PASSWORD MANAGERS ARE the vegetables of the internet. We know they’re good for us, but most of us are happier snacking on the password equivalent of junk food. For seven years running that’s been “123456” and “password”—the two most commonly used passwords on the web. The problem is, most of us don’t know what makes a good password and aren’t able to remember hundreds of them anyway.
Now that so many people are working from home, outside the office intranet, the number of passwords you need may have significantly increased. The safest (if craziest) way to store them is to memorize them all. (Make sure they are long, strong, and secure!) Just kidding. That might work for Memory Grand Master Ed Cooke, but most of us are not capable of such fantastic feats. We need to offload that work to password managers, which offer secure vaults that can stand in for our faulty, overworked memories.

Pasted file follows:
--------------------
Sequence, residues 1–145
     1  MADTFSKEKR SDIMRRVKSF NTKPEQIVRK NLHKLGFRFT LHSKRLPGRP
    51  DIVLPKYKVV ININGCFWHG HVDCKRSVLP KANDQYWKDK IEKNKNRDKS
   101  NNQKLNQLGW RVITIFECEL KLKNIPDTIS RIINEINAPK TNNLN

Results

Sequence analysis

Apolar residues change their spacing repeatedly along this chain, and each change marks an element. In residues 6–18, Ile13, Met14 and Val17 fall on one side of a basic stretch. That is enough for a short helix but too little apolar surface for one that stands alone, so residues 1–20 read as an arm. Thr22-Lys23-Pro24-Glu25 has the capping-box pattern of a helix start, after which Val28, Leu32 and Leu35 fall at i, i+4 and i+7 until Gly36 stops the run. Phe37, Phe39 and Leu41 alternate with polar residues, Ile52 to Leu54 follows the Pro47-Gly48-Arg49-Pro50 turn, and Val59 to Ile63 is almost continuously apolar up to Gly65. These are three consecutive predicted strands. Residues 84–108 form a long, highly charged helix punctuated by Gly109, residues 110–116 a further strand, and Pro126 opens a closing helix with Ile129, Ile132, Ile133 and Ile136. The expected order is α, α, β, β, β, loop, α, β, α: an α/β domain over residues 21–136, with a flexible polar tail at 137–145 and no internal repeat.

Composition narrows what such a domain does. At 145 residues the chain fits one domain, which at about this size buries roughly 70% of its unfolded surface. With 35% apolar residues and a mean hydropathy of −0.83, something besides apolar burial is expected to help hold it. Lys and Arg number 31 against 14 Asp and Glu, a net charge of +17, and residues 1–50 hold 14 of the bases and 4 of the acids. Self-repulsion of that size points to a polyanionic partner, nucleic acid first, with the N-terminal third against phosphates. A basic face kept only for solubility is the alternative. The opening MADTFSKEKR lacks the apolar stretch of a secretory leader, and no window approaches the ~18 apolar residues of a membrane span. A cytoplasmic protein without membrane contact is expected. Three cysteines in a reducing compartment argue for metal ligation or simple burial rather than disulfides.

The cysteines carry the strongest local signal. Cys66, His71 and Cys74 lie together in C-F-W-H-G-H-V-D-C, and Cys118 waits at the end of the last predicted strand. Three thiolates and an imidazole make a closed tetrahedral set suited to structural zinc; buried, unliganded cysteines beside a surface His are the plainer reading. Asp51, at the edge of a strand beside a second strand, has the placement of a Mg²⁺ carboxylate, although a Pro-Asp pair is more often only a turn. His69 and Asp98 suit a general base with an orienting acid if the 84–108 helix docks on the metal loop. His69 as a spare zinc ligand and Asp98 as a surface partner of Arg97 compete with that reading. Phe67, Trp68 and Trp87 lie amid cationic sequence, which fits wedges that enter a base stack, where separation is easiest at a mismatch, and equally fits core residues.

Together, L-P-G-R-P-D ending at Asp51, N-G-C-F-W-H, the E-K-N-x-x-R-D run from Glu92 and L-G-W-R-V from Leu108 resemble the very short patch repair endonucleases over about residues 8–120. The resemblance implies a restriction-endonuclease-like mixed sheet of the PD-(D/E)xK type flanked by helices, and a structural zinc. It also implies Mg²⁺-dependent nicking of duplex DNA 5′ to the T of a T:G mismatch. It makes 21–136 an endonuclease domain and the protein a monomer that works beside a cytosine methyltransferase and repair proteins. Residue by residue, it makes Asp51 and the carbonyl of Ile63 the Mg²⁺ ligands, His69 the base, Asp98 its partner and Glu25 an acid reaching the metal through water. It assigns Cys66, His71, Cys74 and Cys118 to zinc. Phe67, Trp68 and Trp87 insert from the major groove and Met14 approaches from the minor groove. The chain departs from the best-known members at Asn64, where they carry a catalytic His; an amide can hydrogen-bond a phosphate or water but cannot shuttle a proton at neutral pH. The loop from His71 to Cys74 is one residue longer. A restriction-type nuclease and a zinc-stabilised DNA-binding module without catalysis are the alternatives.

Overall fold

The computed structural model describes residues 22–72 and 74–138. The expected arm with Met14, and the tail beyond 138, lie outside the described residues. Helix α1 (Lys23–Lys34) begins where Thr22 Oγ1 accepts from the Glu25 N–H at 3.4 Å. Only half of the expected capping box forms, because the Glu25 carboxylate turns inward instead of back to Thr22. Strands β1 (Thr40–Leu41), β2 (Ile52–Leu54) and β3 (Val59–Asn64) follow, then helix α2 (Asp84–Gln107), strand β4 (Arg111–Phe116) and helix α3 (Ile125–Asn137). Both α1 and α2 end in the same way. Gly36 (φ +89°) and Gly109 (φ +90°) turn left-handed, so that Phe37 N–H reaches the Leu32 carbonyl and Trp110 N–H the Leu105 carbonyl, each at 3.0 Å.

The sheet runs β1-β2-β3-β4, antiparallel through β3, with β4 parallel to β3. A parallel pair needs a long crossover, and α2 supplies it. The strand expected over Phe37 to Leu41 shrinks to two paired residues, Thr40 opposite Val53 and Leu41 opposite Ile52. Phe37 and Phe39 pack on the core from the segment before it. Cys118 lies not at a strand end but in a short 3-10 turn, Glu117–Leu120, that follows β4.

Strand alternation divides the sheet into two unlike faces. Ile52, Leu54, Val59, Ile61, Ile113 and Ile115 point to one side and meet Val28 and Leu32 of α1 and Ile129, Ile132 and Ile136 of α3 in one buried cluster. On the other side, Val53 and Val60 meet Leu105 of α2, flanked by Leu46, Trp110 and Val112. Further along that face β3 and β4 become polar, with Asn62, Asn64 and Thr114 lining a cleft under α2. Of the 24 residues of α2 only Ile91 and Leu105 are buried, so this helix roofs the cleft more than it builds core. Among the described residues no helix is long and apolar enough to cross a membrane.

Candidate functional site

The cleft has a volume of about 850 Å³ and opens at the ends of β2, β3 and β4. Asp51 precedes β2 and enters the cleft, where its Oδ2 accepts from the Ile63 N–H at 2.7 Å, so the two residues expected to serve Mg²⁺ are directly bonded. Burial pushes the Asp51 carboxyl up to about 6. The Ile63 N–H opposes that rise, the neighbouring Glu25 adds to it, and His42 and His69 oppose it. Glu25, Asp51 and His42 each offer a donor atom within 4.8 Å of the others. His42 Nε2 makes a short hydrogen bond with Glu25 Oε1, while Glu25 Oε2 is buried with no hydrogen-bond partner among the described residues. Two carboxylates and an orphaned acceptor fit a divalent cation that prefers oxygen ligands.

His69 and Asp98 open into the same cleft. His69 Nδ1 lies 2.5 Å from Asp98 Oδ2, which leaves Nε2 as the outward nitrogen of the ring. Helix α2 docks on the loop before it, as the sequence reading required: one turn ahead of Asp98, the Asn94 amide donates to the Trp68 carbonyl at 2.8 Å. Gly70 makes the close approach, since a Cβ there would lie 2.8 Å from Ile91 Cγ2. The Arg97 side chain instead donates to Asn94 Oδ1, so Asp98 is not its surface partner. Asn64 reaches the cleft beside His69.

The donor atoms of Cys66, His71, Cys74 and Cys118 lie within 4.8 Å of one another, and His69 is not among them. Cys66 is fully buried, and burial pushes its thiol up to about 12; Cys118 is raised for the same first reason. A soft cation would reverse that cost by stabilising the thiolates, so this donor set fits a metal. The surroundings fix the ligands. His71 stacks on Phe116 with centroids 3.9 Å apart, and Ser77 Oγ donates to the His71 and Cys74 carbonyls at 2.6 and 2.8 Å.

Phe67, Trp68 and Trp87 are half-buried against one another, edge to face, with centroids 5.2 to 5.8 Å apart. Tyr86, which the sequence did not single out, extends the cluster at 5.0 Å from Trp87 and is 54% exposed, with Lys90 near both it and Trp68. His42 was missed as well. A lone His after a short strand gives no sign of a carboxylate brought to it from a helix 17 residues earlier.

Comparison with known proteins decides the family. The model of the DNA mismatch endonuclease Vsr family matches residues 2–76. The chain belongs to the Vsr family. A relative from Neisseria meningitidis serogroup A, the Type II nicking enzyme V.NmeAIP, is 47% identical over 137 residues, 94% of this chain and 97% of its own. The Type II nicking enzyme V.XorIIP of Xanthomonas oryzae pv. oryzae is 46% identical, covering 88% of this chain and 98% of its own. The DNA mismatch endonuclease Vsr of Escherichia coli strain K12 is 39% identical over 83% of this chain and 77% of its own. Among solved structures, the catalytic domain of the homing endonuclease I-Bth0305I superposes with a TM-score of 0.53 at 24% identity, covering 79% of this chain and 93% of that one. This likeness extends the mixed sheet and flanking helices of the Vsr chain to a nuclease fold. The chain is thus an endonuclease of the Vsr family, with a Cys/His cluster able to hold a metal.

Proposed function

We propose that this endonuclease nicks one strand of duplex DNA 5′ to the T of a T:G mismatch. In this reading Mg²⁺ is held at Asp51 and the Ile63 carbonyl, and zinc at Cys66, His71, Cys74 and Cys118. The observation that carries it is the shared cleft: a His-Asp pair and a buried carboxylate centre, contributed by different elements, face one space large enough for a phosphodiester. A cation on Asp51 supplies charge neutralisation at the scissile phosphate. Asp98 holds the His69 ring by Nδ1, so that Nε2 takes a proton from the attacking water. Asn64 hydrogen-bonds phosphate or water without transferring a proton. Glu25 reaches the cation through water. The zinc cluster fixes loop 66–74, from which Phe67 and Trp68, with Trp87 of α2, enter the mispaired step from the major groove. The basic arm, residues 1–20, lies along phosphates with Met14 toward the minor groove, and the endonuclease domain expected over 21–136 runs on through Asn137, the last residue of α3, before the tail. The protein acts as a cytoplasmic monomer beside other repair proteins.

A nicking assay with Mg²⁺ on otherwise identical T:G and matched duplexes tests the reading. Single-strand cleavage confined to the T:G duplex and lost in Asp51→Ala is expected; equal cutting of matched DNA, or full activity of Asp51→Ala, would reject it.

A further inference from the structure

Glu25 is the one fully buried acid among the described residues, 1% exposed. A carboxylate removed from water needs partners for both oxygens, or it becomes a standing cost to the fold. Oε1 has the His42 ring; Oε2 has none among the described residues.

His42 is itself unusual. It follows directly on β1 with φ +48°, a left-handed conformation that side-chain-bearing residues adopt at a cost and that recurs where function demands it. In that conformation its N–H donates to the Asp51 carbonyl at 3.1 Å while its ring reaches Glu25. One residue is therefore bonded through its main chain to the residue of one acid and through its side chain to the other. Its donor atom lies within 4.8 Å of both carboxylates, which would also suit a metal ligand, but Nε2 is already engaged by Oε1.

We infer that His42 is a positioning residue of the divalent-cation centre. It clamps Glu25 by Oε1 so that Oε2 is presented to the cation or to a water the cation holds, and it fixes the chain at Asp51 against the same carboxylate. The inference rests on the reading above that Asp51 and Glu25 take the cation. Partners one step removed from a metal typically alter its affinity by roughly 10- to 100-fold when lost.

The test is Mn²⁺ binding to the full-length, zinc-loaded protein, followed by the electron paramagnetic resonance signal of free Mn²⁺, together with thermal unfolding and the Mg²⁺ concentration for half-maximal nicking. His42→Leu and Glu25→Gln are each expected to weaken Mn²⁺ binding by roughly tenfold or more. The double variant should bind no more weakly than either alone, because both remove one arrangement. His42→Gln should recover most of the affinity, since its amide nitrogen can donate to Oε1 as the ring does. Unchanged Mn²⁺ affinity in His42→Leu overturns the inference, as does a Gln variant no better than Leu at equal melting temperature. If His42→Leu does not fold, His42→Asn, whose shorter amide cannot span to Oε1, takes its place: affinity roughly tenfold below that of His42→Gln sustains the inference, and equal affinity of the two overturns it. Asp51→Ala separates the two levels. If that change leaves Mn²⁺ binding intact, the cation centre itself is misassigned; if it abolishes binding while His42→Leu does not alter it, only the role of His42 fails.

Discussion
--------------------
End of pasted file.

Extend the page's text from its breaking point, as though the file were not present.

A password manager offers convenience and, more important, helps you create better passwords, which makes your online existence less vulnerable to password-based attacks. Be sure to also have a look at our guide to VPN providers for more ideas on how you can upgrade your security, as well as our guide to backing up your data to make sure you don’t lose anything if the unexpected happens.